The livelihoods of 60 million people is threatened by falling water levels on the Mekong [Reuters]
Thailand’s prime minister has said he will seek urgent talks with China after the water level in the Mekong River plunged to its lowest level in 20 years.
The river, which has its source in China, underpins the livelihoods of more than 60 million people in Southeast Asia.
Al Jazeera’s Aela Callan reports on problems downstream attributed to dams in China
Speaking on Sunday, Abhisit Vejjajjiva said it had become obvious that the low water levels were threatening communities along the river and he had asked foreign ministry officials to meet with Chinese representatives as soon as possible.
“We’ll ask China to help manage the water flow along the river better so countries in Southeast Asia would not be affected,” the Thai prime minister said in his weekly television address.
China has planned eight hydroelectric dams on the upper stretches of the Mekong, four of which have already been built, and many farmers and fishermen who depend on the river have blamed China for the falling water levels.
Fisherman have reported dramatically falling catches, while cargo boats have been grounded and farmer have seen crops fail as vital irrigation sources dry up.
Environmental groups have long blamed China for shrinking the Mekong and causing other ecological damage by building dams.
China denies that damming of the river is the source of the problems downstream [EPA]
Chinese officials however have denied that the damming of the river is responsible for problems further downstream.
In a statement to Al Jazeera on Monday the International Regional Cooperation Office of China’s southern Yunnan Province said the dams “have very limited impact on the Mekong” while a severe drought had reduced the amount of water reaching the river.
The statement said China accounted for less than 14 per cent of the Mekong’s water, while over 80 per cent comes from Laos and other countries.
“The Chinese government gives its full consideration to the downstream nations; we have very strict environmental evaluation for the dams to ensure the amount of the water and the quality of the water,” it said.
“This year, there’s been a severe drought in Yunnan province in China where the upstream Mekong passes through; the water level has been low because of climate change but not the building of the dams.”
The issue has become an urgent topic at the Mekong River Commission, a regional body which brings together Cambodia, Laos, Thailand and Vietnam to oversee the management of the river.
China is not a member, but attended talks on the issue last week with the commission in the Lao town of Luang Prabang.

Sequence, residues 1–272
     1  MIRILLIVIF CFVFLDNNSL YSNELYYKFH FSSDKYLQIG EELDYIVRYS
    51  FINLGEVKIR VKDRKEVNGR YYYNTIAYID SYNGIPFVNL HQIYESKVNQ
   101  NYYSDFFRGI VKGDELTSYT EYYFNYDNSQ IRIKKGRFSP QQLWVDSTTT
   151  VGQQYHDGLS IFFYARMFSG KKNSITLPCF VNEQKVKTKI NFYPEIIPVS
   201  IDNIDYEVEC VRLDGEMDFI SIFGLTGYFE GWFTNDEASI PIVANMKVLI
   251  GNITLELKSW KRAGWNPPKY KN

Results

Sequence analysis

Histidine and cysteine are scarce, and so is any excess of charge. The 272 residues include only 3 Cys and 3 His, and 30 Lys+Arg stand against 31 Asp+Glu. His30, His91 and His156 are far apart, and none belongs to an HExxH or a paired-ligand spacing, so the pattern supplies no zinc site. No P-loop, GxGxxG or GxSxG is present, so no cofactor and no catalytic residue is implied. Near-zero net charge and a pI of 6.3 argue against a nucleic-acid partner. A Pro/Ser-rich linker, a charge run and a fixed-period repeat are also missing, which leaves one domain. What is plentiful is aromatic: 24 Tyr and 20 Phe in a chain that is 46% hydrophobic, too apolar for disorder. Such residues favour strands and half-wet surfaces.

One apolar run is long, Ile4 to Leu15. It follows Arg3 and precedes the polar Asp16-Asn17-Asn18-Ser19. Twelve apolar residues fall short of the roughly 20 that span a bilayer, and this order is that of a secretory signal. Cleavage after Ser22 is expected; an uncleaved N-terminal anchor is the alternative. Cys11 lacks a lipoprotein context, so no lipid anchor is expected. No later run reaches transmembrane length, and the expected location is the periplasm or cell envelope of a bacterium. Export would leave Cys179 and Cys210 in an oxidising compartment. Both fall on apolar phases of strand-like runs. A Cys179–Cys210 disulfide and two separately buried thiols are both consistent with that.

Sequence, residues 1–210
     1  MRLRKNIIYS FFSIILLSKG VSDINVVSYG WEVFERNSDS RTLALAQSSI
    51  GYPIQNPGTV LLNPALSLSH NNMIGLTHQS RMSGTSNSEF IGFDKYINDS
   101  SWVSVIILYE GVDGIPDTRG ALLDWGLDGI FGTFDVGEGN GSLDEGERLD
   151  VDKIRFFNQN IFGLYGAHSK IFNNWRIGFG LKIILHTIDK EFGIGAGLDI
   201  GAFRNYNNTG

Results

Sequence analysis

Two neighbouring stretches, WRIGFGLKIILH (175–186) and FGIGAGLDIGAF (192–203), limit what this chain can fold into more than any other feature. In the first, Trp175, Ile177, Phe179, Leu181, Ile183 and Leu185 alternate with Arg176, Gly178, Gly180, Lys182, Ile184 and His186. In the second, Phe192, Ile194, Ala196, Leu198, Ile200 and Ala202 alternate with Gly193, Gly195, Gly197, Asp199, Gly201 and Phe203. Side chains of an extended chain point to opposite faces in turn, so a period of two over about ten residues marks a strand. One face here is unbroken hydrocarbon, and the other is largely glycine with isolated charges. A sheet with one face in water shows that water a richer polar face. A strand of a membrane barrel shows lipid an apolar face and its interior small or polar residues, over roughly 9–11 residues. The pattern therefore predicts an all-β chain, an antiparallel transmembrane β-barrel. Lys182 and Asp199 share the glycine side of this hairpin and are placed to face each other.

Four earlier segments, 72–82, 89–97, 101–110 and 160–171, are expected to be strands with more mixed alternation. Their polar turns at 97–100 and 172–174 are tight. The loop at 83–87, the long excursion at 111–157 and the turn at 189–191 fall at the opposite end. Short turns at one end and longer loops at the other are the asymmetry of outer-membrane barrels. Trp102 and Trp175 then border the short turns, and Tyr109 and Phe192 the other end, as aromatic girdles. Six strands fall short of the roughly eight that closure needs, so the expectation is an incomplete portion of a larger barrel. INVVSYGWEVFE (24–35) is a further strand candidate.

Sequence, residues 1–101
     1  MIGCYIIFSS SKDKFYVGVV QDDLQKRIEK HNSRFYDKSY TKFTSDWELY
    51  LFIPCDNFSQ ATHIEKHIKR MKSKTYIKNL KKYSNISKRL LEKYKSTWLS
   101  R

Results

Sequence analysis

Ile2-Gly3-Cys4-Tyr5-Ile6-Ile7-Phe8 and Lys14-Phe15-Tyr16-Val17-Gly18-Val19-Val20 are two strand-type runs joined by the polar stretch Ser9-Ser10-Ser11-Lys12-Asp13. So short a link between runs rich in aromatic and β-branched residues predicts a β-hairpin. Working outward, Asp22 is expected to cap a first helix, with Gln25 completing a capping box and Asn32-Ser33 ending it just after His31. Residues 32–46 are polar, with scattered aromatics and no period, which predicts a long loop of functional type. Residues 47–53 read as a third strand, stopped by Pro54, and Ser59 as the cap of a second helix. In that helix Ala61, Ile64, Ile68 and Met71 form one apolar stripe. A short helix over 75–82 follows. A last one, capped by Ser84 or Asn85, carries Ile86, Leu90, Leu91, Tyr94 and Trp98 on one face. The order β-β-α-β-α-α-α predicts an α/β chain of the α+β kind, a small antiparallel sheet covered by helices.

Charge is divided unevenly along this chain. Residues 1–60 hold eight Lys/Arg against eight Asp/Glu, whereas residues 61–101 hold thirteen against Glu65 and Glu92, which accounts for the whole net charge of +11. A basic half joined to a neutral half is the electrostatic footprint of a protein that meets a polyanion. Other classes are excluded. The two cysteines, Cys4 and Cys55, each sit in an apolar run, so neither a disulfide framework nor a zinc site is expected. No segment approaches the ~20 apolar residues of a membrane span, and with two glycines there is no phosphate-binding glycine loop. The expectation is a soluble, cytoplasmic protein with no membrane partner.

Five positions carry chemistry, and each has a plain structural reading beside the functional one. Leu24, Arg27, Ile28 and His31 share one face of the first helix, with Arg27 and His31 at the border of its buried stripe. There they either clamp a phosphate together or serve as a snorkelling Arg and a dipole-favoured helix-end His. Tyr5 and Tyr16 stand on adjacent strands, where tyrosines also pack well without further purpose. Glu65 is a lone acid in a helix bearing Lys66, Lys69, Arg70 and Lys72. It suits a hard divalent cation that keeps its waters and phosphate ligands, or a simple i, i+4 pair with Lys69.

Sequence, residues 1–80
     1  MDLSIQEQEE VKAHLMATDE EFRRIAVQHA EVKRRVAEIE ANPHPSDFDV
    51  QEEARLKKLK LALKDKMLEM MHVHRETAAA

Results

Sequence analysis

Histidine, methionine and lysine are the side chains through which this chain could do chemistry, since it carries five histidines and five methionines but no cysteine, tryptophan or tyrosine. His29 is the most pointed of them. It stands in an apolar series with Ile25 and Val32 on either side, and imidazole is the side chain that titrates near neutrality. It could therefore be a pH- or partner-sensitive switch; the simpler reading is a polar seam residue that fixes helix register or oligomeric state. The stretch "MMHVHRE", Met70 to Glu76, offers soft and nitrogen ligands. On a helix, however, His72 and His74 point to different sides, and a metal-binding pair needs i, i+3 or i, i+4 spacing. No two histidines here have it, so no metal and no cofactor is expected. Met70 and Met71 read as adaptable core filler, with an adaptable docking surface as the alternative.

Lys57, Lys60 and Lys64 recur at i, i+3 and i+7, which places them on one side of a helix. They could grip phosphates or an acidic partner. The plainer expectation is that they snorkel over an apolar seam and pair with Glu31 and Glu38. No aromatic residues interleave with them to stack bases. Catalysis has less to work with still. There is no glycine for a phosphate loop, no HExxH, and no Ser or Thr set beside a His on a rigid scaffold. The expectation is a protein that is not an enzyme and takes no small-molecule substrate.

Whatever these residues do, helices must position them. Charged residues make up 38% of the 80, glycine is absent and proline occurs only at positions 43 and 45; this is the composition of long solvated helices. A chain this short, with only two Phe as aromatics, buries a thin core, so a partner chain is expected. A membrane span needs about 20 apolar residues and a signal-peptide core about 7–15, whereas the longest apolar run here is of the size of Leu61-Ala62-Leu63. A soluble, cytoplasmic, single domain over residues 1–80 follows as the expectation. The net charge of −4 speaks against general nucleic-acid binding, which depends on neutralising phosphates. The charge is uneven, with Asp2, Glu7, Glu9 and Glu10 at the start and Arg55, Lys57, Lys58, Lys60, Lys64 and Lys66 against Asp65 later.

Andrew Walker, a senior fellow at the Department of Political and Social Change at the Australian National University, told Al Jazeera he believes the Chinese dams have little impact on the current low water levels in the Mekong.
He said it is difficult to give the exact impact of the hydroelectric dams because the dams were used to store water during the wet season and to release that water during the dry season to generate electricity.
“There might be some minor fluctuations given the balance between dam filling and release, in comparison to the effect of the very low rainfall throughout the region over the past year,” he told Al Jazeera.
“Water shortages in the dry season in Southeast Asia are not unusual at all,” he added.
But Witoon Permpongsarcheren, the director of the Mekong Energy and Ecology Network who has been working on Mekong issues for nearly 20 years, said the situation downstream depends on how much water is released from China’s dams.
“Upward of the Golden Triangle there are no main tributaries from Laos… so whatever is happening with the flow at the Golden Triangle is almost 100 per cent from China”
Witoon Permpongsarcheren, director Mekong Energy and Ecology Network
“This, apart from the drought and also the management of the dams, will have a tremendous effect on what’s going on now.”
Witoon said the 16 or 18 per cent of water reported as coming only from China refers to the volume that is released into the South China Sea all-year round.
“Actually 100 per cent of the water [downstream] comes from China because upward of the Golden Triangle there are no main tributaries from Laos,” he told Al Jazeera from Bangkok.
“So whatever is happening with the flow at the Golden Triangle is almost 100 per cent from China.”
Witoon said it was time the six Mekong countries worked towards closer co-operation.
“They need to come together to discuss how they can release information and how they establish institutional regulations that follow the international river laws,” he said.
“There might also be a need to review all of the dams [that have been] planned along the Mekong mainstream not only in China but also downstream.”
Source: Al Jazeera and agencies
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